Finally, let’s use 2 statements from a 2022 systematic review of 21 studies published in Nutrients to help tie everything together:

  1. “Although BCAAs tended to activate anabolic signals, the benefits on performance and body composition were negligible.”
  2. “Most of the studies did not report the total protein intake across the day and, consequently … the potential benefits of isolated BCAA supplementation among athletes to attenuate muscle soreness and delay fatigue need to be interpreted with caution.”

At this point, the answer to “Are BCAAs worth it?” may seem to be a resounding no (provided you’re eating an adequate amount of dietary protein daily). 

But what if you’re trying to justify the existence of a brightly-colored BCAAs bottle in your pantry by saying that it helps with general health, like improving blood glucose control and liver conditions? 


Unfortunately, research suggests you’re grasping at straws.
Maintain healthy blood sugar levels?

BCAAs are known to influence the body’s response to carbohydrates. Isoleucine, in particular, helps induce the uptake of freely available blood glucose into cells. But does that mean BCAAs will help you maintain a flatter glucose curve? 🙅‍♀️Doesn’t look like it; 4 trials have now shown that a 1-time dose of ~7.5 g of BCAAs was not able to lower blood sugar or affect insulin secretion reliably.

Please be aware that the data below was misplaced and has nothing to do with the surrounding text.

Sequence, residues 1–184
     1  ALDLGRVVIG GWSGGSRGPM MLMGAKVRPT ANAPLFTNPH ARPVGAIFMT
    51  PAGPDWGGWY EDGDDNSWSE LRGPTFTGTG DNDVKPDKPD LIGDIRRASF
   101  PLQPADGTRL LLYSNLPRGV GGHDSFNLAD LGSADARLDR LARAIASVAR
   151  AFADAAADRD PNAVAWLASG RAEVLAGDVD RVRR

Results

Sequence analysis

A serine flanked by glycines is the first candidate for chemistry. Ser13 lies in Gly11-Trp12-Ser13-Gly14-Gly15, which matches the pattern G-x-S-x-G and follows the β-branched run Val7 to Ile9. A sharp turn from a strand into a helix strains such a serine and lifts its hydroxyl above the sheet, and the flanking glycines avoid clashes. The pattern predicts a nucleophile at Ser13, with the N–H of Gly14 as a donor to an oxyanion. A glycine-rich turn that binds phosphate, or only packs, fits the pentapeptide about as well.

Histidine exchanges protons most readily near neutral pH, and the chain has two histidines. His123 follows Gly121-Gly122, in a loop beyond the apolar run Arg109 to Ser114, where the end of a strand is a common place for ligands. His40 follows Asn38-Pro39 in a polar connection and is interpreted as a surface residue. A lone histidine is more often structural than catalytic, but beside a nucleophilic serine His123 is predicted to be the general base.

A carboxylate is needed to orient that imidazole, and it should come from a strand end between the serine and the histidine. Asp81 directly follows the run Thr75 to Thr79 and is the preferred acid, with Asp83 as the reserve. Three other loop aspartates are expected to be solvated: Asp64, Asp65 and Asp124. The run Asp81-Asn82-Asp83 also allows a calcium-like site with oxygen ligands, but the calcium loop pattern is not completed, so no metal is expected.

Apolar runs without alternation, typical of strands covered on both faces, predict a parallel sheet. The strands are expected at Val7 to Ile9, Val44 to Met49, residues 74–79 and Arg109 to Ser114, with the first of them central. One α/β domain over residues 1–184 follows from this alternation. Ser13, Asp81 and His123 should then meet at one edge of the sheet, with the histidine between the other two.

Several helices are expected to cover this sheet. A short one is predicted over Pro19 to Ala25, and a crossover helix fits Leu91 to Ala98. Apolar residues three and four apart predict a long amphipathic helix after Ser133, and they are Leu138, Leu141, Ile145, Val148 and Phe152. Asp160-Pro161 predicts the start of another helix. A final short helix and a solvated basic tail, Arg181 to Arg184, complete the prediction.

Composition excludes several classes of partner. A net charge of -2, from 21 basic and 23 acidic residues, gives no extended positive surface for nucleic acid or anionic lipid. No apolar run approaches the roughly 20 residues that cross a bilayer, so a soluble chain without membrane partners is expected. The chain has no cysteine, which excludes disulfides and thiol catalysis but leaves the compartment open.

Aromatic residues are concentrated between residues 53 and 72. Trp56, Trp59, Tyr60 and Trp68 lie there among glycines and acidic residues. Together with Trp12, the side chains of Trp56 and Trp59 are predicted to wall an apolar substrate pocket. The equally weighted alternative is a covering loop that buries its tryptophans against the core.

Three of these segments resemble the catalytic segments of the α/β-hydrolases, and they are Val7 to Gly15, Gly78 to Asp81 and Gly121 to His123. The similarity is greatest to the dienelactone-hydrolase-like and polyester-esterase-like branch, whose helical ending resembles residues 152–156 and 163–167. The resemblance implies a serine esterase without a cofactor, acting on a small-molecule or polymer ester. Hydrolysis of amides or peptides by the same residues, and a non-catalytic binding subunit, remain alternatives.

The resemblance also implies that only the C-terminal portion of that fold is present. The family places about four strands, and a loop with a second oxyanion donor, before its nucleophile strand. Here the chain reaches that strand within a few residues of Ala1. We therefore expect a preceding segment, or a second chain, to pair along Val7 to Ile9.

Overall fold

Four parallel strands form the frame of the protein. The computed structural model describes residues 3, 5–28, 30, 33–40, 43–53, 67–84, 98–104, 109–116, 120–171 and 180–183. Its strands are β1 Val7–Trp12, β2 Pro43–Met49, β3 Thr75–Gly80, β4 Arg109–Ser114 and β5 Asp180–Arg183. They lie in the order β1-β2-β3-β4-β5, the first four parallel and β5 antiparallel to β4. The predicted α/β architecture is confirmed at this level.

Improve liver disease outcomes?

While several meta-analyses have shown that BCAAs could improve clinical outcomes in individuals with liver diseases, it’s unclear whether the positive effects are simply due to an increased amino acid intake. After all, protein deficiency is often associated with liver disease

Bottom line? The health benefits of BCAAs are just as unconvincing as their lifting-related ones. 

BCAAs side effects

Let’s face it. 

Things are looking really bad for BCAAs right now. If they were a celebrity, they’d almost certainly be canceled right now.

But do BCAAs truly have zero redeeming qualities? 

Um, in a pinch, we could say BCAAs aren’t all bad because of their extraordinary A+ safety profile. Studies show that BCAAs intake between 15 to 35 g daily seems generally safe and without side effects for most people. 

So, are BCAAs worth it?

Is that sufficient to change our stance on whether BCAAs are worth it (which, FYI, currently remains a firm no), though? 

Of course not. 

It’s senseless to spend money on a workout supplement that doesn’t give you additional benefits over consuming an adequately high level of protein intake daily just because it’s safe to. 

And even if you struggle to hit your daily protein requirements or have specific dietary and/or textural preferences, you have plenty of better-than-BCAAs alternatives around:

  • In general? Go for a protein shake.
  • Following a plant-based diet? Choose a complete plant-based protein source, such as soy, pea, and hemp. Or go for a blend of plant-based protein sources.
  • Want a lighter consistency in your protein shakes? Consider isolates. 
To conclude … are BCAAs worth it? No.

Save your money for workout supplements that truly work — learn what those are in this article:

Workout Supplements Guide: What’s (Really) Worth Buying?
Discover the 3 workout supplements known to reliably promote muscle growth and/or gym performance, plus how to use them for maximum efficacy.